LEGAL COUNSEL FOR SHAREHOLDERS AGREEMENTS
Shareholders agreements are absolutely essential to the long term success of any corporate enterprise that is owned by more than one individual. Yet, it is highly unfortunate that far too many companies either fail to have a unanimous shareholders agreement or have an agreement that is inadequate its ability to carry-out the shareholders' true intent. For a shareholders agreement needs to properly reflect the shareholders' current collective intention for the company's operations and exit strategies. Without such coherence in this legal document, the corporation will find itself facing significant legal turmoil in the future as most attempt to overcome the agreement's deficiencies, will creating unnecessary tension and animosity amongst the shareholders, in an often futile and costly effort to achieve some form of resolution, with which no one is almost ever happy with.
As such, it makes sense to retain experienced legal counsel and properly negotiated and execute your company's shareholders' agreement such that it conforms to your requirements, or is otherwise acceptable in light of what has been bargained for with your fellow shareholders and other parties having a stake in your business enterprise.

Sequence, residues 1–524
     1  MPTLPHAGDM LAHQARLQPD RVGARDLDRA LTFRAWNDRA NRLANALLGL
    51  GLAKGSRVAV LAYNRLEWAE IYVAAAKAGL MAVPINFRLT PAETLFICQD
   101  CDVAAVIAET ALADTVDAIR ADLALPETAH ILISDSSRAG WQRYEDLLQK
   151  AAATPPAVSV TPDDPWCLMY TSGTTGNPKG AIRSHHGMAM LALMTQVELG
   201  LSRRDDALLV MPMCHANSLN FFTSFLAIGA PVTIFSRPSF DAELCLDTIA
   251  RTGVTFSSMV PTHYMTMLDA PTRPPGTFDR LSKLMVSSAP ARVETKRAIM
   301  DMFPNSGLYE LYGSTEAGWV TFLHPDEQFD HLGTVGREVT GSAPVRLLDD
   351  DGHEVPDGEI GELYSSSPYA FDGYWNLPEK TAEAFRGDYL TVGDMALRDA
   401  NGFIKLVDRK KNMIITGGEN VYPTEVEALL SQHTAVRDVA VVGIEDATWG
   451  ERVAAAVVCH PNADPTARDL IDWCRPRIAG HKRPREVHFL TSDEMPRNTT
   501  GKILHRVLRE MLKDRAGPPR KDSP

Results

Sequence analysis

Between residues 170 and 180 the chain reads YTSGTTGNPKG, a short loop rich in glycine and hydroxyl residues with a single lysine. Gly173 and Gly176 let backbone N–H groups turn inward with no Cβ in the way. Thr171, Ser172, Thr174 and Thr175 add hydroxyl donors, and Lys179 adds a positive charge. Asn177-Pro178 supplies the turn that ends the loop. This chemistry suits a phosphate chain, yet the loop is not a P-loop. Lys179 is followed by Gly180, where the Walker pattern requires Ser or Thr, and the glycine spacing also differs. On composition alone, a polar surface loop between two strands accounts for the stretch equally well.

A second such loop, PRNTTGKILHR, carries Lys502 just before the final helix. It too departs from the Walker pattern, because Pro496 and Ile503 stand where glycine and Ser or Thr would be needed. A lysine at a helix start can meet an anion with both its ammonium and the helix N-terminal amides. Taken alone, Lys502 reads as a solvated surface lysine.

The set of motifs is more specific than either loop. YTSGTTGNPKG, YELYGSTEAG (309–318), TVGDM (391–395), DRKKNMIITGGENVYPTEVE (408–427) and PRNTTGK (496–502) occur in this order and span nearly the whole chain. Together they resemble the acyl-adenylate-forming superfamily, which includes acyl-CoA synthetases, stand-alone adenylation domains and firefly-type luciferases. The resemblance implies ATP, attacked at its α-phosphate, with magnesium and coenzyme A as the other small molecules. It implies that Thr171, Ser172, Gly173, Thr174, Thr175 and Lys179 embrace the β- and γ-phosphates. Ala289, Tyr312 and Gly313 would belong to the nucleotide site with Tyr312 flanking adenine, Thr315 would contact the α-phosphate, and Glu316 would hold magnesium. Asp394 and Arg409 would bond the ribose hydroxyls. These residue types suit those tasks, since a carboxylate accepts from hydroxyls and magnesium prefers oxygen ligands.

At Neufeld Legal P.C., we assist corporate shareholders in making the appropriate decisions with respect to the drafting and implementation of unanimous shareholders agreements. Contact us at by telephone at 416-887-9702 (Toronto area) / 403-400-4092 (Calgary) or via email at Chris@NeufeldLegal.com.
Dealing with Death as per Statute
Dealings with registered holders and transmission on death
50(1) A corporation or a trustee as defined in section 81(1) may, subject to sections 133, 134 and 137 and the Civil Enforcement Act, treat the registered owner of a security as the person exclusively entitled to vote, to receive notices, to receive any interest, dividend or other payments in respect of the security, and otherwise to exercise all the rights and powers of an owner of the security.